They are a few possible origins of the word ‘kike,’ but etymologists agree that the ‘Christ-killer’ etymology is completely untrue and a folk etymology, with no basis in reality. The most likely derivation of ‘kike’ is from the German/Yiddish word for ‘circle,’ as Christians immigrants to the United States signed their names with an X, but Jewish immigrants refused because of its association with Christianity, and instead signed a circle. To say that ‘kike’ and ‘n****r’ are comparable is not only lying, but also racist and demeaning. Studies of how offensive Americans consider racial slurs to have consistently demonstrated that the vast majority consider ‘n****r’ to be much more offensive and unacceptable than ‘kike’. An interesting study on the weight of slurs, “The semantics of slurs: A refutation of coreferentialism,” shows that ‘kike’ and ‘cracker’ do not carry nearly as much weight as ‘n****r,’ and it is racist to allege otherwise. Think about it: being called a ‘cracker’ or a ‘kike’ is not nearly as bad as being called a ‘n****r,’ because of the history of racial oppression the word holds. Words only hold the power that society gives them, and the word ‘n****r’ holds much more power to hurt than ‘kike’ or ‘cracker’ do.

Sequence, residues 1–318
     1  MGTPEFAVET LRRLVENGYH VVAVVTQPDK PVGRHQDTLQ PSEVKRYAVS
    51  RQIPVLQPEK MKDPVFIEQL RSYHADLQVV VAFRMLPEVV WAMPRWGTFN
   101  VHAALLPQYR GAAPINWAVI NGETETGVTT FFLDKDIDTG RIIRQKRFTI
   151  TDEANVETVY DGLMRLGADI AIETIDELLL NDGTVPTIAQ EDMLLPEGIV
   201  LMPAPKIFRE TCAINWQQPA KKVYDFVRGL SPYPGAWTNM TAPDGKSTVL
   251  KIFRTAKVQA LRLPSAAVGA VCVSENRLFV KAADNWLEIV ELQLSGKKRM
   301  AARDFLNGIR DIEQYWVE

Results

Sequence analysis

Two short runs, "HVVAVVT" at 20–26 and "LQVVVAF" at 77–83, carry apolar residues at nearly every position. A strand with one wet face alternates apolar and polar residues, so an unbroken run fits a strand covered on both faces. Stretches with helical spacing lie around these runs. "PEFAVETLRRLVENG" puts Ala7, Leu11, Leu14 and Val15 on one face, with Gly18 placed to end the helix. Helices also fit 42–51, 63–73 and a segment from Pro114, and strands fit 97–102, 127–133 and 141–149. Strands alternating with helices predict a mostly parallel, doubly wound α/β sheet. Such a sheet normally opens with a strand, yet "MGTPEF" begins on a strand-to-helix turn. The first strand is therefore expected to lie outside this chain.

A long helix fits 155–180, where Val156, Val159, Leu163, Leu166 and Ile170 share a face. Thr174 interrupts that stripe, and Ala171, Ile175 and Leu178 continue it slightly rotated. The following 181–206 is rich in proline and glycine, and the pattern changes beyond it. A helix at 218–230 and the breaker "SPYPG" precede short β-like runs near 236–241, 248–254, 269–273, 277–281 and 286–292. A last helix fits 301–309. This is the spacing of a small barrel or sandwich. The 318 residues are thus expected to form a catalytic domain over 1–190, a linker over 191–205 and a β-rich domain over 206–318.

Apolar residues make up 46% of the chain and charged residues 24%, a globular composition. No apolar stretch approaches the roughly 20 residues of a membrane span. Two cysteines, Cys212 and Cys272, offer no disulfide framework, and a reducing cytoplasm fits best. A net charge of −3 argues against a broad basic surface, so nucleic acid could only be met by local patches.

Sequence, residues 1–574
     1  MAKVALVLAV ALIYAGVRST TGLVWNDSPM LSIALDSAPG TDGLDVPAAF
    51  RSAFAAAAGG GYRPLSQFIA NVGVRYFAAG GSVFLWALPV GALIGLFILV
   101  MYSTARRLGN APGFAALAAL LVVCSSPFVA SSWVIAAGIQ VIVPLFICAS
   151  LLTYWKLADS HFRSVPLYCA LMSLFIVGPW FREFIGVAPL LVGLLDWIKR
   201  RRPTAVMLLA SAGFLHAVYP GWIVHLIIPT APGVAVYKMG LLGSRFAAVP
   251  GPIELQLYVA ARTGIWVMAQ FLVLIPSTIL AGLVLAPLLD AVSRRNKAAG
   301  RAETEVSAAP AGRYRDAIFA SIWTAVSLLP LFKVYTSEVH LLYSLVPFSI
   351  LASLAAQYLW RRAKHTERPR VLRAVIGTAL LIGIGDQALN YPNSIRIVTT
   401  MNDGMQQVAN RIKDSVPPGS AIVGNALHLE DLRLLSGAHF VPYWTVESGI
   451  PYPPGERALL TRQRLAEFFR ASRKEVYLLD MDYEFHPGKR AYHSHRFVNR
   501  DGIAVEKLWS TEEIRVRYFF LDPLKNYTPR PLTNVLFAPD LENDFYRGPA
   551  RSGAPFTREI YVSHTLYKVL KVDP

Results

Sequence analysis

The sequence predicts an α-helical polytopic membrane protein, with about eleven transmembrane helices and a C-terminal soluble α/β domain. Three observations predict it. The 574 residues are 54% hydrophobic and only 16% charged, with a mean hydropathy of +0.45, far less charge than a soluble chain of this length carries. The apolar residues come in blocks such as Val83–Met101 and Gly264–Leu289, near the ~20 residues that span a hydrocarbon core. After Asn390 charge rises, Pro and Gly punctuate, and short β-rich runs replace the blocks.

“[G]as chambers and yellow fabric stars and the systematic murder of 8 million people…”

This lie disrespects six million innocent victims of genocide and their families. The Holocaust was terrible, but no one claims eight million Jews died in it. No reasonable estimates go above six million. Changing the number like that is a form of Holocaust revisionism, a tactic usually used by antisemites. Disrespecting the victims of the Holocaust like that is a heartless thing to do. It is the Little Hawk’s responsibility to not allow Holocaust revisionism to be spread. This is immensely saddening.

“The nearest neo-Nazi group to Iowa City is in the Amana Colonies in Iowa”

According to the Press-Citizen, KCRG, Little Village Magazine, and the University of Iowa police, there is an active neo-Nazi group in Iowa City, which distributed neo-Nazi fliers in Wetherby Park this year and vandalized a mural on campus. This is very scary and it is important that the Little Hawk does not allow a member of its staff to play down the dangers that neo-Nazis pose to the residents of Iowa City.

“The rally in Charlottesville was a white supremacist rally, but many participants were shouting anti-Semitic slurs, such as ‘blood and soil,’ ‘Blunt and Boden’…”